KABUL: new tax regime aimed at weaning Afghanistan off international aid has boosted government revenues but drawn complaints from some private businesses that it hits them unfairly, dampening hopes of economic recovery after decades of war.
Afghanistan’s finance ministry says it expects to raise almost $2.5bn in revenues in the year to March, 2017, $500mn above target, an important achievement as cash for aid and foreign armed forces begins to slow.
The increase in a country plagued by corruption and tax evasion is down to better tax collection rather than a stronger economy, though, and firms say they are being targeted by over-zealous officials whose demands on time and money are preventing them from investing in expansion for the future.
With Islamist insurgents controlling large swathes of territory and appealing to young men to join their ranks, creating jobs is crucial to Afghanistan’s battle against militancy.
“Their only concern is raising a certain amount of revenue. How it’s done is of no concern to them,” said Mustafa Sadiq, whose firm Omaid Bahar Fruit Processing usually employs around 200 staff and double that number at peak times.
“They’re not increasing the volume of business, they’re just increasing taxes on whatever there is left.”
Under rules introduced at the end of 2015, the main business receipts tax rate was doubled from two to 4% and companies must now pay four times a year. Although absolute levels are not high by international standards, compliance imposes a heavy burden for a sector where many had been used to paying no tax at all.
Businesses, many of which learned of the new rules months after they became law, complain of arbitrary and overbearing tax inspectors and say the system is slow, inefficient and open to abuse with some officials demanding bribes for quick clearance.
Already struggling to compete with cheap imports from neighbours Iran and Pakistan, they say the tax drive is stifling the private sector, which saw a 30% decline in new business registrations during the first half of 2016.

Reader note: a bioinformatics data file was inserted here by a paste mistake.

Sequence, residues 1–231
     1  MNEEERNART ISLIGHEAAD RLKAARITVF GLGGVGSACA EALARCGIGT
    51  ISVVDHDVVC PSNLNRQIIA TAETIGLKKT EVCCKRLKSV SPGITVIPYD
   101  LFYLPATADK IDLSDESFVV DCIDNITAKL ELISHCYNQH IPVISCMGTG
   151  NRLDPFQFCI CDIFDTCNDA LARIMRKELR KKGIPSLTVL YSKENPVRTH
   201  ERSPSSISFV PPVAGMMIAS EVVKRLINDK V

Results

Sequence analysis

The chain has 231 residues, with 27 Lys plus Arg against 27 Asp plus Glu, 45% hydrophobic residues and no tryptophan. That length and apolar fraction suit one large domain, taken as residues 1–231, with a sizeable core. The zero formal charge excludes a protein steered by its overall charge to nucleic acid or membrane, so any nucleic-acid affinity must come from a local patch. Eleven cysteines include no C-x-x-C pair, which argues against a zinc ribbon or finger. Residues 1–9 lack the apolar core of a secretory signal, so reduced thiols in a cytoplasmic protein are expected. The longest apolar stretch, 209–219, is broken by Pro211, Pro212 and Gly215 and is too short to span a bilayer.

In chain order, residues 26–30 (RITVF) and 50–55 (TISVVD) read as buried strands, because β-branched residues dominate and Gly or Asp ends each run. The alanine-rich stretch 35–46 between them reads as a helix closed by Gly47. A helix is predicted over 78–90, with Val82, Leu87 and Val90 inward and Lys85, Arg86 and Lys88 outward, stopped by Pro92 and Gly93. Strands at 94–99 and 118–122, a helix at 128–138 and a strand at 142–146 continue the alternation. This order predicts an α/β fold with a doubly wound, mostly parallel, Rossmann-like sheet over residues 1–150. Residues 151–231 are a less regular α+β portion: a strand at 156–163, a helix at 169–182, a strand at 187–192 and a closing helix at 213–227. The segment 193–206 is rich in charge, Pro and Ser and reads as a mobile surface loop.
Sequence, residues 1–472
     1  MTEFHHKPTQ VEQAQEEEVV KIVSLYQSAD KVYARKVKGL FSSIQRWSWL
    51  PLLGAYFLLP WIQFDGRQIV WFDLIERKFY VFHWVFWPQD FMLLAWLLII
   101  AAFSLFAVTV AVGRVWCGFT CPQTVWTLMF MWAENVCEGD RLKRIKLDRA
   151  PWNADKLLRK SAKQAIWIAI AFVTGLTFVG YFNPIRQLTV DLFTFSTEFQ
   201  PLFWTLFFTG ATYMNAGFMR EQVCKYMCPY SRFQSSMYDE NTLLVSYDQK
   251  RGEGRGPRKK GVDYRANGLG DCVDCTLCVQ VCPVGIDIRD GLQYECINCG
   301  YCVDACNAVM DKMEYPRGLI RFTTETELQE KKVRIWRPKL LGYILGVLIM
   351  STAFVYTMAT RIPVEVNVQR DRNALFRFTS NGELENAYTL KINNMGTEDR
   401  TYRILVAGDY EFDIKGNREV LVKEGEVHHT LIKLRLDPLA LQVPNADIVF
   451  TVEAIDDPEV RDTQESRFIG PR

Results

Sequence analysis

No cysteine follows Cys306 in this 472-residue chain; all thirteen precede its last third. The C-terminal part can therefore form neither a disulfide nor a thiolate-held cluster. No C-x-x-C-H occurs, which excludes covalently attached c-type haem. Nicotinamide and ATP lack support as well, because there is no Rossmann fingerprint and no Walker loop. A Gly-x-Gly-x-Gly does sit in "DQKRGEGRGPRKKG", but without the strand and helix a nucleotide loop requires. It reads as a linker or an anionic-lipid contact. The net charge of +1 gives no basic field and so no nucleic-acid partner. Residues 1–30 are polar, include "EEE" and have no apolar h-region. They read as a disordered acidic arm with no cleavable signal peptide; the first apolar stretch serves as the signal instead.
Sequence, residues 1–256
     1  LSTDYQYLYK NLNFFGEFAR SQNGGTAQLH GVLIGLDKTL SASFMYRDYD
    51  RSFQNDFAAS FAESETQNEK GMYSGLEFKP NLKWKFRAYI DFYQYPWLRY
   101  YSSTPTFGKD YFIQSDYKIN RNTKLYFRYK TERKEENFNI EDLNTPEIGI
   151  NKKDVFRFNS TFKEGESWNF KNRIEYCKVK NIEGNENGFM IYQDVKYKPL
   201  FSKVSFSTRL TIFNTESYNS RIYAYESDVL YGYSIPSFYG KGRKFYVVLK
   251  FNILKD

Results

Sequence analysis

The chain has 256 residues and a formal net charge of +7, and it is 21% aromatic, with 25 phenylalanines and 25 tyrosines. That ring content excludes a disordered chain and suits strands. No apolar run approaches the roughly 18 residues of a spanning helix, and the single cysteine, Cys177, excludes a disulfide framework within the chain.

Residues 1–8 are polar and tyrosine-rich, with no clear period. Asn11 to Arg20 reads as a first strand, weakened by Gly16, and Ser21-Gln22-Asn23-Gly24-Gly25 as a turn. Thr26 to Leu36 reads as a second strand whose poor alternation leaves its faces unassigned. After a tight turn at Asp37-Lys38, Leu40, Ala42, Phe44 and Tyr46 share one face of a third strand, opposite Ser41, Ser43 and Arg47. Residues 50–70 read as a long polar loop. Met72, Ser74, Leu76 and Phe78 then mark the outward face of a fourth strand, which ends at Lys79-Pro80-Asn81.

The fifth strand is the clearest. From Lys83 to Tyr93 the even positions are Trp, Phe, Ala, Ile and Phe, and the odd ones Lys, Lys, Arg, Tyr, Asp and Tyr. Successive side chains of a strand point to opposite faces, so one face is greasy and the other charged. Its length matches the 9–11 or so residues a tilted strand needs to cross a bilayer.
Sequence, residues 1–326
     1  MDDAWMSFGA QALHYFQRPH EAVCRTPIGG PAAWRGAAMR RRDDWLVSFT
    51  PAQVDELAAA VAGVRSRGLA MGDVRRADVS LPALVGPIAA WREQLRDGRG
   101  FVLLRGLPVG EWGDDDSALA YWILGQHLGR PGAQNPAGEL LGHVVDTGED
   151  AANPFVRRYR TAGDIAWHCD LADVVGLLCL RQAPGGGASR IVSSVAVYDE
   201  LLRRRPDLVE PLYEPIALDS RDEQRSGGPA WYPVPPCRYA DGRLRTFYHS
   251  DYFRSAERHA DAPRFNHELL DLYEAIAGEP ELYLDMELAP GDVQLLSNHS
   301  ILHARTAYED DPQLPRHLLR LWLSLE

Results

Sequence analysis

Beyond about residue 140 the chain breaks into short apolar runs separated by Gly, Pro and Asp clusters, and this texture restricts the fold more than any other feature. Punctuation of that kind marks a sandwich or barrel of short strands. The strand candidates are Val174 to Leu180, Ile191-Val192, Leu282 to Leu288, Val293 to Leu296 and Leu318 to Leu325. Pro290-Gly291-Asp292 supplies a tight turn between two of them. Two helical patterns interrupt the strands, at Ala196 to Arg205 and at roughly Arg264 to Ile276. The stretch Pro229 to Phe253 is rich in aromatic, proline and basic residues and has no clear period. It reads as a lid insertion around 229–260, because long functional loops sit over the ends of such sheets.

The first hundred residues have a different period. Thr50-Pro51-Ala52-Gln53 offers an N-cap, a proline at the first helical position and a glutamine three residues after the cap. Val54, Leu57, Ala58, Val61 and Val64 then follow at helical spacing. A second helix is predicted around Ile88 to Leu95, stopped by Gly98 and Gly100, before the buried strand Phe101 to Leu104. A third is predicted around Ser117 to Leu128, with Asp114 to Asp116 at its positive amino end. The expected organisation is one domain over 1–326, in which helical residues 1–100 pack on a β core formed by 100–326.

Bahar makes juices from apples, grapes and pomegranates, mainstays of the horticultural sector that the government sees as a top development priority. Instead of expanding, Sadiq says he spends much of his time wrangling with inspectors or doing paperwork.
“I personally planned to start two or three small manufacturing businesses but I decided no,” he said.“I haven’t been as disappointed at any time in the past 30 years.”
Economic development in Afghanistan rarely draws the headlines, which are dominated by the ongoing conflict.
Much of the $20bn economy, whose main products, aside from opium, are fruit and carpets, operates informally, paying no taxes. While the government needs revenues, it must try to avoid squashing private enterprise.
“If the government is under pressure, then so is the private sector,” said Fawad Saafi, whose Millifactories group makes products ranging from PVC tubes to foam mattresses.
His workforce has dropped from 700 to under 200 as economic growth stalls and business dries up.